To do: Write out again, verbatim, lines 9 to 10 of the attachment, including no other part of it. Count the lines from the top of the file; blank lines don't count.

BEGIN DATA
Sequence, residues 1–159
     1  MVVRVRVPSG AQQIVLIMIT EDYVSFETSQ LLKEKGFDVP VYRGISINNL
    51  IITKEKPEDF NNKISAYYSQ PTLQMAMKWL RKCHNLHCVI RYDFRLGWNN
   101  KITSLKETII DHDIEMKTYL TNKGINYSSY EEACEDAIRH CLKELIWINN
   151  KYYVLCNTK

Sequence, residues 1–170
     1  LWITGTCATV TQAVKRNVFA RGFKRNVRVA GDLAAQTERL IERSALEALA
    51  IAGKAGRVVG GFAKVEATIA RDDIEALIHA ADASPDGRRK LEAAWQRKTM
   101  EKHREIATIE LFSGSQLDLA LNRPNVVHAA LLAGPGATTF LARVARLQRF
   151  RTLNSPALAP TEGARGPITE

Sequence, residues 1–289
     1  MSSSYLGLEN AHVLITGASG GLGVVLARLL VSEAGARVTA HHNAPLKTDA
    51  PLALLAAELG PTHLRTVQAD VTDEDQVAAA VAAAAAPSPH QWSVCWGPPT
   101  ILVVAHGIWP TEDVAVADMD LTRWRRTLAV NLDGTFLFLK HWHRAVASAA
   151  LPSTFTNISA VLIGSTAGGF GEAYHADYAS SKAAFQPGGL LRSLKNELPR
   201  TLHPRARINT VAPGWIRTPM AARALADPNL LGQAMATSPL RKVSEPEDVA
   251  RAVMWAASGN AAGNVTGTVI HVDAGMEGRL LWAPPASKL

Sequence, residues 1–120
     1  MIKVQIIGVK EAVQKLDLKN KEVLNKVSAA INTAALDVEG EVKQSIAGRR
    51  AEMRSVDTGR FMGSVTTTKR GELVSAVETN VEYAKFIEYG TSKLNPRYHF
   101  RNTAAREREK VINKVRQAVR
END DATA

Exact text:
   101  EKHREIATIE LFSGSQLDLA LNRPNVVHAA LLAGPGATTF LARVARLQRF
   151  RTLNSPALAP TEGARGPITE